The first argument is easy to understand. I’ve been more excited about Stanford football this year than at any point since I came to the school. If Stanford has a yearly budget of [over $3.7 billion](http://news.stanford.edu/news/2010/may/faculty-senate-three-052810.html), can’t it find $3 million to augment Harbaugh’s salary?
The [common response](http://tusb.stanford.edu/2010/12/no-stanford-should-not-give-jim-harbaugh-more-money.html) to this argument is that spending $3 million on a football coach means spending less on other, equally valuable, activities. Unfortunately for this counterargument, it seems likely that a high quality football team would ultimately pay for the pay raise through ticket sales and TV revenues (in spite of [some evidence to the contrary](http://stanfordreview.org/article/few-show-for-football-games)). If that weren’t enough, is it hard to believe that alumni couldn’t be found to endow the “Jim Harbaugh Chair of Football Excellence,” thereby avoiding straining the general revenues?
The uncommon response, touched on in the piece linked above (which largely focuses on a “But why doesn’t society value X at the same level as football?” argument, which may be valid, but doesn’t deal as well with the current economics of the situation), but not fully articulated, is a question of Stanford’s ethos. Stanford is, first and foremost, an academic institution. How would having a perennially great football team change that ethos? Does Stanford want to be a school where 50 percent of the school tailgates every game? Does Stanford want to be a school where not going to the game becomes something needing a “good explanation?” Would that happen, even if Stanford was a football powerhouse? I don’t know, but I was disturbed by a quote from [a recent ESPN article](http://sports.espn.go.com/espn/commentary/news/story?id=5870673) saying:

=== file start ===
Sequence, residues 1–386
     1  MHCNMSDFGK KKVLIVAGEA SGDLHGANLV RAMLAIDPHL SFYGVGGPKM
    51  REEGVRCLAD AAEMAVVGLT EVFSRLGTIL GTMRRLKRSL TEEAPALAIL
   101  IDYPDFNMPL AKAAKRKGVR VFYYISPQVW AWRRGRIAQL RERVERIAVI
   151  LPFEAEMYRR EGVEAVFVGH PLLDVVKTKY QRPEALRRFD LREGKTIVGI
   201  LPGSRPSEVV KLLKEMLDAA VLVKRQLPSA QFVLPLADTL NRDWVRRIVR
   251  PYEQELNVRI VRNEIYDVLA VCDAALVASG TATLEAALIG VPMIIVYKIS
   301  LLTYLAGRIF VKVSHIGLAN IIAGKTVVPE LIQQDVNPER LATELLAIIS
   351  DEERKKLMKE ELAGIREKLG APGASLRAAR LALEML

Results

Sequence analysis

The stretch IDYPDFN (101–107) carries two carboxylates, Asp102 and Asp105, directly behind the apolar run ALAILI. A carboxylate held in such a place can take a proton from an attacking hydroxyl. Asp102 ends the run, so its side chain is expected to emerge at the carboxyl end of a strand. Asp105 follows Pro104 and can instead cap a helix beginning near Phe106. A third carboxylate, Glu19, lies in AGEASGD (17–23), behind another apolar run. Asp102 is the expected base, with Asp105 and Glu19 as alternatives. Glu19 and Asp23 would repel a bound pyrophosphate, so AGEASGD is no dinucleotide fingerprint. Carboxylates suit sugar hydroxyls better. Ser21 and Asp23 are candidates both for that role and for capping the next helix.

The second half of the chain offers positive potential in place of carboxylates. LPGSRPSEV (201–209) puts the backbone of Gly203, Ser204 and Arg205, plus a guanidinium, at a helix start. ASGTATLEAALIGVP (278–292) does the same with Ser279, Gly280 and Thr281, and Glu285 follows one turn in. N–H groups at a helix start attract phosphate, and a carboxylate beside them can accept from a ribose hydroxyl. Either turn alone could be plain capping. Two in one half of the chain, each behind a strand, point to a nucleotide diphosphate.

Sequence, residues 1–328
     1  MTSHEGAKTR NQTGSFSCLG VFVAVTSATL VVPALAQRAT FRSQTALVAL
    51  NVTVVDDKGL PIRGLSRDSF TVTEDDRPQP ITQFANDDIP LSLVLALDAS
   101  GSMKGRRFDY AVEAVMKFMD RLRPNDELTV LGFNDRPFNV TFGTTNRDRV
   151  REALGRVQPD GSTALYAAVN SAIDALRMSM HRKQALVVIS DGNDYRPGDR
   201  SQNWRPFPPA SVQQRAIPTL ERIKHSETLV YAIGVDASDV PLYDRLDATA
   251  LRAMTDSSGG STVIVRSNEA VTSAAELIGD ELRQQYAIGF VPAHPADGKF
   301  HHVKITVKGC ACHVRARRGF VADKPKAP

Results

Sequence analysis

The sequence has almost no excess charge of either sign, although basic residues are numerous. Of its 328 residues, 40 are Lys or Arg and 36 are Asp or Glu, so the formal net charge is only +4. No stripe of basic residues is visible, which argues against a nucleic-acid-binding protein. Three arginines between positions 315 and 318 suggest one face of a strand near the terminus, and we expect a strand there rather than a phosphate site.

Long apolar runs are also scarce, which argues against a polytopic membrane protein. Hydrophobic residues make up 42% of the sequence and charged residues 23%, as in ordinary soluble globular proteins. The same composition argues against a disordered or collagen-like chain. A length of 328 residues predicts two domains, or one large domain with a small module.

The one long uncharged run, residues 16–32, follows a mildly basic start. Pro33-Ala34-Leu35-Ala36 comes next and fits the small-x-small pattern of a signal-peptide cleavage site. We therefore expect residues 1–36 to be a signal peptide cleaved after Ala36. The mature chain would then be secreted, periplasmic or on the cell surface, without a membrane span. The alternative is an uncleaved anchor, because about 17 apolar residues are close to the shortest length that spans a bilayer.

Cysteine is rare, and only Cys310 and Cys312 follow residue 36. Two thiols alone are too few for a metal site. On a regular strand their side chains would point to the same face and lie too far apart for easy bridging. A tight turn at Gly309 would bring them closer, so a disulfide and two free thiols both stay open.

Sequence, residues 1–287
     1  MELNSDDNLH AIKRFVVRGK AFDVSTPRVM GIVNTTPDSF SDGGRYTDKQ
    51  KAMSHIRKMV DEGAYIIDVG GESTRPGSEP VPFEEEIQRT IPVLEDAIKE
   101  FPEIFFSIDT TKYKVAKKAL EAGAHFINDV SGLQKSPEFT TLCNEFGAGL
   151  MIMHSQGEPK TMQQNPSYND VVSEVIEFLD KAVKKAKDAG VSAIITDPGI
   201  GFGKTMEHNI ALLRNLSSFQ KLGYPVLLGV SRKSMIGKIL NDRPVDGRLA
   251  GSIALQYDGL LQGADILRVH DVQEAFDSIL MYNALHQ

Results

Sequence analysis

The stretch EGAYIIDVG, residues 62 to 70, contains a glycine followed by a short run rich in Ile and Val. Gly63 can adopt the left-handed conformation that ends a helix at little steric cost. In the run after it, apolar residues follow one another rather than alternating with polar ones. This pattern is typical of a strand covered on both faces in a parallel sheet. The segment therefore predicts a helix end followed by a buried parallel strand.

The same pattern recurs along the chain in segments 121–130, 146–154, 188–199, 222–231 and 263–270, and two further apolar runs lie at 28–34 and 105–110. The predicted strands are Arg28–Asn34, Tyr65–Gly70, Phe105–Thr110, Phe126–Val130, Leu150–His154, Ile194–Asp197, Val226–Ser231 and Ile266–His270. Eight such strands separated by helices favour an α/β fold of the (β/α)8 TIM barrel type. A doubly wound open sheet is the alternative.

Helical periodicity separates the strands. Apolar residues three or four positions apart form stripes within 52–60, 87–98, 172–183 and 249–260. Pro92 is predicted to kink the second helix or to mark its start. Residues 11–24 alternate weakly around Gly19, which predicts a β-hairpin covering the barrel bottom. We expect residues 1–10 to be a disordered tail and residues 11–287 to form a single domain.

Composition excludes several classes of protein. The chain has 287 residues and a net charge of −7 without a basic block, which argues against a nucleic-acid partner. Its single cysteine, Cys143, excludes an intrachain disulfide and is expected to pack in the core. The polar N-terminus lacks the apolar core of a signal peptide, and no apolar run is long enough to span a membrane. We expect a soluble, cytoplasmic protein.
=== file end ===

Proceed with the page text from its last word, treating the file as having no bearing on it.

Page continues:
>
“We’ll contact the dean of student affairs and have him drum it into every freshman’s head that Saturdays in the fall are football days,” N yelled. “Require all RAs to attend every game and offer a prize to the dorm that boasts the highest attendance per game and over the course of the year. Create a football culture from the top down!”